Atmospheric mercury emissions from two pre-calciner cement plants in Southwest China
Publication date: Available online 10 November 2018
Source: Atmospheric Environment
Author(s): Xinyu Li, Zhonggen Li, Tingting Wu, Ji Chen, Chengcheng Fu, Leiming Zhang, Xinbin Feng, Xuewu Fu, Li Tang, Zhikang Wang, Zhibo Wang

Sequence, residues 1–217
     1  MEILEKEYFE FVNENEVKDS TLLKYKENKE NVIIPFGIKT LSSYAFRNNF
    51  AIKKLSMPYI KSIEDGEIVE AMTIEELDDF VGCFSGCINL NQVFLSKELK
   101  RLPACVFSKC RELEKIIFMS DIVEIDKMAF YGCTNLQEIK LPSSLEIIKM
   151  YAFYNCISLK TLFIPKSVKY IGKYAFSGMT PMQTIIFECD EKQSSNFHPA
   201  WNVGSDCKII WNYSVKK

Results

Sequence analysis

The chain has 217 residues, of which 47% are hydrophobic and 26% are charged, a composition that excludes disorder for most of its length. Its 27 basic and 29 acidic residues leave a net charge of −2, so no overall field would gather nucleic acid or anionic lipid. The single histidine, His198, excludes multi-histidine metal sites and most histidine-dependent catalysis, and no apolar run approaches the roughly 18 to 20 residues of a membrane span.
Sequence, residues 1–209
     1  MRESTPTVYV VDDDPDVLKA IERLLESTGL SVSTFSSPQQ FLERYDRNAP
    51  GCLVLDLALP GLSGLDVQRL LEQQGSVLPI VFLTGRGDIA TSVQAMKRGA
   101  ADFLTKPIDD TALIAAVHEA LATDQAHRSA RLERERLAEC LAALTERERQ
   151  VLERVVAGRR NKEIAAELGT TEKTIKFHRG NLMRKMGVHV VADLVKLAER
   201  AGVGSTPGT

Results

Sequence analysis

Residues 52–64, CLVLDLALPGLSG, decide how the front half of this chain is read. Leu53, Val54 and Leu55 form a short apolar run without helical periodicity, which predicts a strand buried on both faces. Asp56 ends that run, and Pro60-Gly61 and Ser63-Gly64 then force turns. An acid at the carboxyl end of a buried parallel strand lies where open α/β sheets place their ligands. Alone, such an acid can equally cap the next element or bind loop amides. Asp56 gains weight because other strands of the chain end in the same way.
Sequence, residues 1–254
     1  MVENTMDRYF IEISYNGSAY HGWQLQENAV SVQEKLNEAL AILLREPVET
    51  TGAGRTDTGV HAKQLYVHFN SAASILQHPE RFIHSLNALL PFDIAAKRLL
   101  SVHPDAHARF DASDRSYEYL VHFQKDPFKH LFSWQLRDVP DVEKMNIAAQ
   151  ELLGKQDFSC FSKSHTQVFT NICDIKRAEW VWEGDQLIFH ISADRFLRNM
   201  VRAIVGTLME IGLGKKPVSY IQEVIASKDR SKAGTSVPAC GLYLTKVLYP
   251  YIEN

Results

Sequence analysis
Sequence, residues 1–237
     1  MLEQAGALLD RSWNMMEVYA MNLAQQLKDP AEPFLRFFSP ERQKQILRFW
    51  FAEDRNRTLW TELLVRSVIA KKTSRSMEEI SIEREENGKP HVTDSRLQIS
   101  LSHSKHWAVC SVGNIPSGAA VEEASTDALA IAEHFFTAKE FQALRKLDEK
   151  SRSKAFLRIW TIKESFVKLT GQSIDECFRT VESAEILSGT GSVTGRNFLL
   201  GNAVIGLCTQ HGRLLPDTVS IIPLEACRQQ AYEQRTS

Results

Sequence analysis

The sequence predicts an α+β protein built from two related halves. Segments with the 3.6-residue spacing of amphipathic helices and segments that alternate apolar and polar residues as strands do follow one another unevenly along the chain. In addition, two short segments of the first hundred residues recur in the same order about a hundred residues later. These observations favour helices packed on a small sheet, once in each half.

China produces the most cement product worldwide, and cement plants (CPs) have been regarded as the largest anthropogenic sources of atmospheric mercury (Hg) emissions in China since 2009. Onsite studies of this source are scarce compare to the huge numbers of CPs in China. Hence, quantifying Hg emissions from more CPs is needed in reducing the large uncertainties existed in the current Hg emission inventories and for assessing subsequent impacts of Hg on human and ecosystem health. In this study, two pre-calciner CPs in Guizhou province of Southwest China were selected for quantifying the emission factor and mass balance of Hg. Results showed that Hg emission levels in the two CPs were obviously different due to the differences in Hg input and circulation in the production system. In cement plant #1 (CP #1), the input and output of Hg reached a dynamic equilibrium condition, the emission factor was 76.1 mg Hg·t−1 clinker, and Hg concentration in the stack flue gas is in the range of 14.46–16.64 μg m−3. In cement plant #2 (CP #2), Hg was in an enriching status because it was a new plant with operation of several months and most input Hg was retained in the production system, hence with a much lower emission factor of 1.8 mg Hg·t−1 clinker and Hg concentration of 0.15–0.49 μg m−3 in the stack gas. Kiln tail stack was the main output pathway of Hg in the clinker production process. With removal efficiency of 73.06% and 99.95% at kiln tail by ESP in CP #1 and humidifier + ESP-FF in CP #2, respectively, Hg emitted into the atmosphere was mainly in the forms of gaseous oxidized mercury (Hg2+) and gaseous elemental mercury (Hg0). Besides, the operation mode (on or off) of raw mill had great impact on the concentration and speciation of Hg in flue gas and flue gas temperature at kiln tail. In the clinker production system, limestone is the main source of Hg input (41.4–56.4%), followed by the fueled coal (15.3–32.5%). While, in the clinker to cement production process, the additives (mainly gypsum from coal-fired power plants, 83.2–94.4%) is the main source of Hg in the cement because Hg concentration in the clinker is very low.